|Chinese businessman receiving honorary matai title in|
the village of Salea'aumua, Aleipata (photo: Samoa Observer)
Since matai titles are ideally “owned” and administered at the village level, honorary titles are therefore associated with particular villages. Though the connection between the villages and titleholders in the above two cases have not been publicly disclosed, it seems that they were arranged through certain Members of Parliament and their villages and districts. The two titles were conferred at the Prime Minister’s district (for the Secretary General) and the second one (for the businessman) at the village of the Associate Minister of Tourism who, interestingly, is also Assoc. Minister for the Prime Minister. According to the press, the Associate Minister felt impressed to reward the wealthy Chinese businessman with an honorary matai title because of his help in funding some of the events during the Teuila Festival and the SIDS Conference.
These honorary titles are considered ceremonial and pro forma with no legal standing or weight. Therefore they are void of any legal rights, obligations or responsibilities as prescribed by social norms, traditions and the laws governing lands and titles in Samoa. It seems however that all the usual protocols of the traditional bonafide saofa’i (title installation) were done in the Secretary General and businessman’s cases - sans the registration with the Land and Titles Court. Honorary title recipients are apparently registered separately, as evidenced by certificates issued by the Department of Lands and Titles when an honorary title is conferred. Despite the pro forma status of these honorary titles, the holders are still treated with utmost respect and given de jure recognition by the village. This is especially true if the holder is an active benefactor to the welfare and good name of the village through service and other contributions.
|Honorary Matai Title Certificate|
But most Samoans are not aware of another group of people - besides foreigners/non-Samoans - who are also recipients of honorary titles, at least within a loose interpretation of the honor. This group consists of Samoans who reside outside Samoa (e.g. in New Zealand) who are “conferred” matai titles by a visiting matai (from Samoa), and who is also the “pule” (guardian/custodian) of the title(s). These titles are conferred outside Samoa (in the absence of a traditional village configuration) and are usually done through deliberations and consensus among family members and the custodial chief. These such titles will remain “honorary” - and/or unofficial - until the holders will have traveled to Samoa and fulfill the required traditional village protocols and registration with the Land and Titles Court.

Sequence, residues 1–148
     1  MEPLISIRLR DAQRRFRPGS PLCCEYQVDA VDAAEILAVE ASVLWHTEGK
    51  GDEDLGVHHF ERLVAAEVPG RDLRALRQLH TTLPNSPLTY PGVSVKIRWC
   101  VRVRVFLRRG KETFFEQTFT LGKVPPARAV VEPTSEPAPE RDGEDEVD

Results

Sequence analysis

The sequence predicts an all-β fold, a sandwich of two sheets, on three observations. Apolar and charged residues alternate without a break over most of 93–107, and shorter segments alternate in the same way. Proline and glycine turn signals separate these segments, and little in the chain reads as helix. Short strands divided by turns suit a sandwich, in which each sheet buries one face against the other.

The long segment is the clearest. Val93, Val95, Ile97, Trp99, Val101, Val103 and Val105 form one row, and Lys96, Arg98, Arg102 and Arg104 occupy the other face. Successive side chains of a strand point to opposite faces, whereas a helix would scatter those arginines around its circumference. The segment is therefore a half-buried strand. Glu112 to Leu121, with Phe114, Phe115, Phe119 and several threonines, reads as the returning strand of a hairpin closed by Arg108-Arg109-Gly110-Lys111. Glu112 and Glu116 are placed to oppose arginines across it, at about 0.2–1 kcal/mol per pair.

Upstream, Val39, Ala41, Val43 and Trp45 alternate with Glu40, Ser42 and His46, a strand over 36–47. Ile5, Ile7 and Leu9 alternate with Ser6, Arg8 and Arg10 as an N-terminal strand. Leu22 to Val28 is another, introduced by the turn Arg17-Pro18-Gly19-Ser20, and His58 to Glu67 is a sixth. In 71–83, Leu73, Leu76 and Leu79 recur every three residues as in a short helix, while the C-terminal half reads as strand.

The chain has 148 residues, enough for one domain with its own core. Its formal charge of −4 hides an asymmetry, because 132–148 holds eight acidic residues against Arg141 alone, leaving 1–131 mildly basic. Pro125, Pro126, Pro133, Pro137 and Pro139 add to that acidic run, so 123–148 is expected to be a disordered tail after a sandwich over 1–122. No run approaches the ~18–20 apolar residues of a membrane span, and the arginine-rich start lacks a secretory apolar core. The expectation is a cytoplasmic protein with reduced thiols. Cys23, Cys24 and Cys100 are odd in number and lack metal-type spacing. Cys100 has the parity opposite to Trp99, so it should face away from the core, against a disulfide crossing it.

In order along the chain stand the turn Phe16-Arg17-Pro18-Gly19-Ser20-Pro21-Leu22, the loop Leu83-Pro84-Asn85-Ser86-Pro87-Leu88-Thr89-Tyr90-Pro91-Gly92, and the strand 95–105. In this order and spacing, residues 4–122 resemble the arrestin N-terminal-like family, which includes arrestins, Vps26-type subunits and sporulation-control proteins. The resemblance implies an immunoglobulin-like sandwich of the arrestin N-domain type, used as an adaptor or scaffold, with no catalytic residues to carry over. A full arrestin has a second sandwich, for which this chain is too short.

Perhaps the main difference between the honorary title of a Samoan sojourner and that of the Secretary General, for example, is that the former can change his/her title status to a bonafide registered title later, and can thereafter bequeath the title to his descendants. The latter cannot do either one - at least to date.
It can be argued, notwithstanding, that the practice of giving honorary matai titles to foreign dignitaries and the like, devalues the overall matai system - not necessarily from the quantity but quality. Though, overall, still relatively few in numbers, the bestowed honorary titles have been those that are considered stately, honorable and distinguished within the context of the history of villages, districts and/or country. A few examples of these honorable titles are Nafanua, Tupua and Leulua’itumua*. All denote important and noble individuals and events in the socio-political history of Samoa.
* “Le-ulua’i-tumua” literally “The first Tumua”.
Tumua is referred to particular native titleholders (individually and/or collectively) with exclusive traditional political authority especially on the national level.